Will's Blog

Choosing a Coffee Supplier? Key Questions and Avoidable Mistakes

on Apr 08, 2024

Choosing the right wholesale coffee supplier for your business can be daunting – especially in Australia where we’re spoiled for choice. At Will & Co, we believe it’s about so much more than price, beans and machines. The best suppliers are those who truly care about the businesses and people they partner with.

Whether you’re opening a new hospo business or you’ve been in the game for a while and are looking to switch things up, we’re here to help guide you through that process. 

Recently, we shared a blog that walks through why choosing the right wholesale coffee supplier matters and five important matters to consider.

This time around, we’re highlighting two things:

  1. Important questions to ask and why; and 
  2. Common mistakes to avoid as you decide on the perfect coffee wholesaler for you. 

Questions to Ask a Potential Coffee Supplier

Product Quality and Consistency 

Questions to ask: 

  • What regions do you source your coffee beans from? 
  • How do you ensure the consistency of your coffee beans from batch to batch? 
  • How often do you roast and how do you ensure freshness from roast to delivery? 

The quality and consistency of your coffee beans is the most important thing for your coffee business. Each of the above questions will help you dive into this topic with any potential wholesale coffee supplier. 

Nine times out of 10 you’ll be serving a blend, so the origins of each roaster’s blend matters big time when it comes to quality. Sourcing from Central or South America (think Brazil, Colombia, Guatemala or Nicaragua) is a good sign, as these regions deliver a smooth, consistent, full-body profile. If you use a separate blend for black coffees, consider one that includes an African origin as they typically produce more interesting and complex tasting notes. If alternative brewing is your jam, ask whether they have a single origin program. 

It's also important to ask about their quality control processes – for example how often do they test samples from their green bean suppliers, how do they ensure they’re removing any potential foreign objects, and how do they drive consistency with their roasting process. Speaking of roasting, it’s good to understand how often they roast and how that’s tied to their delivery schedules. This will help you understand how fresh the coffee will be upon arrival and if it’s feasible to order more when you’re running low.

Equipment and Extras 

Questions to ask: 

  • Do you lease or sell coffee equipment? If so, what types and brands? 
  • Do you offer equipment for alternative brewing?  
  • Are there opportunities to customise the equipment? 
  • Besides coffee, do you supply other products like teas, syrups and merchandise? 

Next to a quality product, your brewing equipment is what will set your café up for success. Ask what equipment is available, from espresso machines and grinders to puq presses and milk jugglers, whether they lease or sell, and how that impacts your agreement and pricing.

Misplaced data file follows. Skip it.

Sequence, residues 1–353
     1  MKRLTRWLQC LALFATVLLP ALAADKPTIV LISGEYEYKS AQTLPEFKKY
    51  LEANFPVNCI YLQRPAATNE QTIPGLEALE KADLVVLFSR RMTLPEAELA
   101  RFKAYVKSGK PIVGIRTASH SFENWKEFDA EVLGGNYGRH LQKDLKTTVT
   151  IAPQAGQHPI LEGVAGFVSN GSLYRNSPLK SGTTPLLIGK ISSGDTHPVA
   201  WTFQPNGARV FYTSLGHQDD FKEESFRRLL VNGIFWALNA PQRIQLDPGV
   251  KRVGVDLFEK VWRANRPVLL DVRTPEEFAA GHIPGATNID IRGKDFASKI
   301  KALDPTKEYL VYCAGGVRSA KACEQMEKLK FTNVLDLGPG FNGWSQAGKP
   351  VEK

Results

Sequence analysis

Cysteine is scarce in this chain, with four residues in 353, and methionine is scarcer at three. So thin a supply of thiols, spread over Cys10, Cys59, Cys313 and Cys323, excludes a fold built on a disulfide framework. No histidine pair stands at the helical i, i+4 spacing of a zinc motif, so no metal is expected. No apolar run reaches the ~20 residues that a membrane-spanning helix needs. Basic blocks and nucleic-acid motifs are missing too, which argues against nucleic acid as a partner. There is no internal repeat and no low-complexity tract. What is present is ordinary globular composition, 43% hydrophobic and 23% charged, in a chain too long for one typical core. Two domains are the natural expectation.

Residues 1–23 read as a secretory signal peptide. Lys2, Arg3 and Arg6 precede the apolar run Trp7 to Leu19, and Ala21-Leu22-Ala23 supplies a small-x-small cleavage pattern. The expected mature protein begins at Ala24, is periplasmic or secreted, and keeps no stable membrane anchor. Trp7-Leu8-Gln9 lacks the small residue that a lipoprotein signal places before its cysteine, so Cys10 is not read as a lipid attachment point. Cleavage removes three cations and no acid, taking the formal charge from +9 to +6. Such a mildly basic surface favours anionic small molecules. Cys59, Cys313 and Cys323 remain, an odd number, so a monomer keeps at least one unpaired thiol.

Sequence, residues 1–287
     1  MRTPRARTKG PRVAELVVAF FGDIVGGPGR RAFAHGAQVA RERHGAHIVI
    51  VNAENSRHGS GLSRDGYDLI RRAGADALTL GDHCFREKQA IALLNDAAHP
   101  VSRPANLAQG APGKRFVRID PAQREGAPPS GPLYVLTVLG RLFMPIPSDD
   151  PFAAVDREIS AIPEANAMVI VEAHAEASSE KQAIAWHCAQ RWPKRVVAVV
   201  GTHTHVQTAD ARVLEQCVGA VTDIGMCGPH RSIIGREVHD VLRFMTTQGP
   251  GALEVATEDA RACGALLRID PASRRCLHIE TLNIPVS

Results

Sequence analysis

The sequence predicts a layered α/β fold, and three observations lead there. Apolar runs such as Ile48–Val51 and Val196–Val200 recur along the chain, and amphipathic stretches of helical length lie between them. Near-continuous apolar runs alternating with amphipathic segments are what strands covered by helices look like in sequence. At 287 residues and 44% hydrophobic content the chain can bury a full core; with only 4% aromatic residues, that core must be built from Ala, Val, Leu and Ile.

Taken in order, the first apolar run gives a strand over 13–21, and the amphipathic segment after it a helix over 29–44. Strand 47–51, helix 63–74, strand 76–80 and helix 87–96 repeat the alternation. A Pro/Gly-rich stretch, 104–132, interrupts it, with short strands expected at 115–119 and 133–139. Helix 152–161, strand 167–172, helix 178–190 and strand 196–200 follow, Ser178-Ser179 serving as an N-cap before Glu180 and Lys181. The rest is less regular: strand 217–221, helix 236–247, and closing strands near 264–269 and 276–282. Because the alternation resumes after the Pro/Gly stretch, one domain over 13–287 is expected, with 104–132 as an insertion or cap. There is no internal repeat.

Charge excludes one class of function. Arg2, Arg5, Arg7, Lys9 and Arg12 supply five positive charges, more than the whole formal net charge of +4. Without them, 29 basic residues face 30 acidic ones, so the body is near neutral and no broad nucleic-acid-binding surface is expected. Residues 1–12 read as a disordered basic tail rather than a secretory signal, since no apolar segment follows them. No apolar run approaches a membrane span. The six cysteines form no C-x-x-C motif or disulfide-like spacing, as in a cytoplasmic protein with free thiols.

If your espresso machine is going to be on display, ask about customisation and branding to help it make a statement. And for alternative brewing aficionados, don’t forget to enquire about their single origin program and gear to help bring that to life.

Some roasters have a portfolio that extends beyond coffee into teas, syrups, waters and more. This can make for a super convenient (and economical) way for you to manage orders, cutting down on the number of suppliers you need to coordinate with.

Also find out whether they offer retail products, like at-home coffee products and merchandise, for you to sell in store.

Pricing and Agreements 

Questions to ask: 

  • What is your pricing structure and overall value proposition? 
  • Do you charge for processing and delivery?  
  • Do you require a minimum order quantity? 
  • What is your agreement structure? If you run on longer-term contracts, what are the terms? 

When it comes to pricing, remember that it’s about more than the cost per kilo of beans. Ask about the supplier’s full value proposition to understand what the price per kilo really means. Does it include equipment, servicing and marketing support? Are there additional costs for processing and delivery?

While you’re at it, ask about minimum order requirements, stretch goals and agreements. It’s okay to be timid about agreements, but don’t use that as a reason to turn down a potential partner.

Contracts can be a great way for suppliers to offer a better price and are designed with both parties in mind – they motivate the roaster to better support your business and give you a way to hold your partner accountable to what they promise.

Support and Training 

Questions to ask: 

  • Do you offer training for baristas – if so, what types?